JARRETT STEPMAN, HERITAGE FOUNDATION
With Jon Stewart off the air, it seems the left has found a new progressive comedian it can look to for all the big cultural and public policy debates.
After spending September lobbying on air to keep Obamacare, Jimmy Kimmel went on a rant this week on the “Jimmy Kimmel Live!” TV show about the horrific mass shooting that took place in Las Vegas on Sunday. He made a fairly sweeping attack on widespread gun ownership in America and generally suggested that gun control will fix the problem of gun violence.
Kimmel is suggesting that the Founders didn’t understand modern technology, and therefore, arguments about why they set out to defend gun rights in the Bill of Rights don’t apply to today.
That is, of course, a straw man argument.
The Founders did not design the Constitution so that it would only be applicable in their own day. The rights they aimed to protect weren’t tied to a specific time or era, but were timeless and universal.
A ‘Primary Law of Nature’
The Second Amendment was not made up out of thin air. The Founders saw it as a legal expression of a citizen’s natural right to self-defense and preservation, and his ability to resist governmental tyranny.
William Blackstone, a legal theorist who had an enormous influence on the Founders, wrote, “Self-defense … as it is justly called the primary law of nature, so it is not, neither can it be in fact, taken away by the law of society.”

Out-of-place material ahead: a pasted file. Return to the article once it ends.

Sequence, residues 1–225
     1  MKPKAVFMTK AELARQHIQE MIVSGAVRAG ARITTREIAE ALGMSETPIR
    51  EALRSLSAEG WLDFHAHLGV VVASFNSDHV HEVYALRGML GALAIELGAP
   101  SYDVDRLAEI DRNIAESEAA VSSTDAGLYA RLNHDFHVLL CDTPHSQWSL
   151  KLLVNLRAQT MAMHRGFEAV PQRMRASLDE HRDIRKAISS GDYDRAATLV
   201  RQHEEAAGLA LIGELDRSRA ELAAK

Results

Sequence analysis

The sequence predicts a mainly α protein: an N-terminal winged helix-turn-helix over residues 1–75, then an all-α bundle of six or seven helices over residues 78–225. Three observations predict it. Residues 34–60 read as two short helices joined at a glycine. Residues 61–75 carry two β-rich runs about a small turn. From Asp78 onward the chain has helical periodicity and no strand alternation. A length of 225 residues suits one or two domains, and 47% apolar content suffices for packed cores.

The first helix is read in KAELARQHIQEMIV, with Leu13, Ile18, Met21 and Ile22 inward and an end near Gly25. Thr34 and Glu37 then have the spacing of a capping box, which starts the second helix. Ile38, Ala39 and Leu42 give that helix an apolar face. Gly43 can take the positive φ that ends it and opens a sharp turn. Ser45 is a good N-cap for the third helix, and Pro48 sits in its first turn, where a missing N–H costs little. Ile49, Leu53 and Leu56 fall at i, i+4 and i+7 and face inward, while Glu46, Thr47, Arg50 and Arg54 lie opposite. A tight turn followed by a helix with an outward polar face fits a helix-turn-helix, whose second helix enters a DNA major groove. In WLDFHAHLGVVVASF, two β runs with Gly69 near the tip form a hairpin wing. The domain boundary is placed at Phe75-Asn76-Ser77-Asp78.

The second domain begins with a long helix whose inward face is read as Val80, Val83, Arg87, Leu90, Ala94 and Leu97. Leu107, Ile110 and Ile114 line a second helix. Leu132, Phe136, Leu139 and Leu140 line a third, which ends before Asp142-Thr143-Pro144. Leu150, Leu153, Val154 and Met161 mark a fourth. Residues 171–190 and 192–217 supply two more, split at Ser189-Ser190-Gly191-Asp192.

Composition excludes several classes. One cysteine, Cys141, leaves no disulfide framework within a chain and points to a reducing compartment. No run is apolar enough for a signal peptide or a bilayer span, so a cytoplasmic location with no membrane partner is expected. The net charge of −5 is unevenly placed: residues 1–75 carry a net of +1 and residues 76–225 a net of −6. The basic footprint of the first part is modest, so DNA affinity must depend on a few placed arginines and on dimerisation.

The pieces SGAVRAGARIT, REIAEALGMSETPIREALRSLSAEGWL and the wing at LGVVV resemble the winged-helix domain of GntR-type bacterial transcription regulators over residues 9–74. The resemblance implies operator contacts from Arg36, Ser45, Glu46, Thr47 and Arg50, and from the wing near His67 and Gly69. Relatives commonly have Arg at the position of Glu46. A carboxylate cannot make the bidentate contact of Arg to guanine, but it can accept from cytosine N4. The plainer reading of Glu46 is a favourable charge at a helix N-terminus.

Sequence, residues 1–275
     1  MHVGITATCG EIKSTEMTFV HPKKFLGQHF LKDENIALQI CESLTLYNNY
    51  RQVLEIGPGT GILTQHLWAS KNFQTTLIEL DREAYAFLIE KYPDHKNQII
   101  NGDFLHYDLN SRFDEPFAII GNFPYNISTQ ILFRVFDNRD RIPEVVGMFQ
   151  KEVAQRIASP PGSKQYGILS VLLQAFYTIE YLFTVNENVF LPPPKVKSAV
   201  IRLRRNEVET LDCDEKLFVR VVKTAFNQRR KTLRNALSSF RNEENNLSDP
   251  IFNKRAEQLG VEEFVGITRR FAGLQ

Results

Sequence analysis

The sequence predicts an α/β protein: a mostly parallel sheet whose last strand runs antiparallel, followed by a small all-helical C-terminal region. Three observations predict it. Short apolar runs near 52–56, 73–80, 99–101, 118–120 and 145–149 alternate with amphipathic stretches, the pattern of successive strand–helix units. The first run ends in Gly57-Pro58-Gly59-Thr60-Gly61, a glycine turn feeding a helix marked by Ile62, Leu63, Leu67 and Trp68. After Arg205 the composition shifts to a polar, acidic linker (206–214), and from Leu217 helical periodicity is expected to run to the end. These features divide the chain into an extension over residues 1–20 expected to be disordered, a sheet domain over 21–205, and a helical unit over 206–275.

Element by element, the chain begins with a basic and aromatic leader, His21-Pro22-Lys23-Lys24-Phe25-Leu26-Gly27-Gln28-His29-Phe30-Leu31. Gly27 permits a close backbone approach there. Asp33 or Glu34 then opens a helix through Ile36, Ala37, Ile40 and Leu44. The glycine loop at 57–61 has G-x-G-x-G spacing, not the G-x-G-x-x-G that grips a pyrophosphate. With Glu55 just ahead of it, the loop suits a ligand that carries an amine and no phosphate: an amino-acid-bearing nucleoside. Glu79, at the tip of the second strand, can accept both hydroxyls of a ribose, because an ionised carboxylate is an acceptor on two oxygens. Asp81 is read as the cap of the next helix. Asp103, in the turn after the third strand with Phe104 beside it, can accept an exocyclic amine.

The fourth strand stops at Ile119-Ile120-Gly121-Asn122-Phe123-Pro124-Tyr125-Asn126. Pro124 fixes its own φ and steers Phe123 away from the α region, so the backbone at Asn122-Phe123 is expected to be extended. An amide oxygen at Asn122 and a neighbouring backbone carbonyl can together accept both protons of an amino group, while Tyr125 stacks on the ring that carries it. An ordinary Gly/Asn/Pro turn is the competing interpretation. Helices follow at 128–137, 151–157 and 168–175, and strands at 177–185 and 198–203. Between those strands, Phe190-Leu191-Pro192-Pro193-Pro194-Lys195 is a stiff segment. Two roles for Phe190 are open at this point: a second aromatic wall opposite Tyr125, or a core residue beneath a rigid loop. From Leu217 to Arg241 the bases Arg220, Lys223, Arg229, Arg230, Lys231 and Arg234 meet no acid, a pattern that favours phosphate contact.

Self-defense is among the “God-given rights” that the Declaration of Independence refers to.
These principles are grounded in Western tradition and are at the cornerstone of our civilization—though they are increasingly dismissed as radical and “fundamentalist” by some in the modern media.
If one believes “rights” come from government, not God or nature, it is easy to see why those like Kimmel believe this ever-evolving set of rights simply needs to be legally updated from time to time.
But this is not how the Founders thought, nor is it what they conceived when they decided to protect the blessings of liberty for themselves or their posterity.
While the right to self-defense and the Second Amendment were eroded in the 20th century, new scholarship has recovered the Founders’ ideas. As George Mason University professor Nelson Lund wrote for The Heritage Foundation:
… Commentators sought to establish that the Constitution does protect an individual right to have weapons for self-defense, including defense against criminal violence that the government cannot or will not prevent.
This logic of self-defense has been at the heart of recent Supreme Court rulings that have sided with the right to bear arms.
Though many Americans believe these rights are inviolable, the challenge still remains: Should we ignore the Founders, or perhaps even the idea of natural rights, simply because technology has changed so radically?
The Founders and AK-47s
In Federalist 46, Alexander Hamilton explained why the right to bear arms was so fundamental to preserving American liberty.
In Europe, governments typically didn’t “trust the people with arms.” However, their history was filled with examples of leaders and governments trampling on the rights of the people with impunity.